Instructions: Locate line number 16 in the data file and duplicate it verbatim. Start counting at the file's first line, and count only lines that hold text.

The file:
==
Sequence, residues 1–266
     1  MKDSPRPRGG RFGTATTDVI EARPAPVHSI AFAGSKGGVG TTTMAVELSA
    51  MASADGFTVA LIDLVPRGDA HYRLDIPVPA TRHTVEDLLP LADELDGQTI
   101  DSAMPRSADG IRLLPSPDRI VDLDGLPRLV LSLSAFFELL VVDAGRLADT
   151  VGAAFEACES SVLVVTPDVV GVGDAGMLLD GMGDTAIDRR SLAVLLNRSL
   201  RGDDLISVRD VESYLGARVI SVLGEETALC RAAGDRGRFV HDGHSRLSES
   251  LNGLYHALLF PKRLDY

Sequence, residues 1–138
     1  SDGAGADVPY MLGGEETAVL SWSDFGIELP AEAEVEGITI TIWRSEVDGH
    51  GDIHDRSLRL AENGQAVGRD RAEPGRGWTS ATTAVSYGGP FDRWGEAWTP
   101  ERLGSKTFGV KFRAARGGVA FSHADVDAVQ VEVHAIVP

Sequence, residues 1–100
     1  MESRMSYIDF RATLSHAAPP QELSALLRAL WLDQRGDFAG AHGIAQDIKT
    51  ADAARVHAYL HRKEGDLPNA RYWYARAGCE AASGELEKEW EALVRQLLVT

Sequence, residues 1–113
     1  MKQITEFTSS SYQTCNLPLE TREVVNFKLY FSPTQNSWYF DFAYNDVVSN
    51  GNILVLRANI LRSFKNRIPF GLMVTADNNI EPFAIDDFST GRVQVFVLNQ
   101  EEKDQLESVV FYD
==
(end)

     1  MKQITEFTSS SYQTCNLPLE TREVVNFKLY FSPTQNSWYF DFAYNDVVSN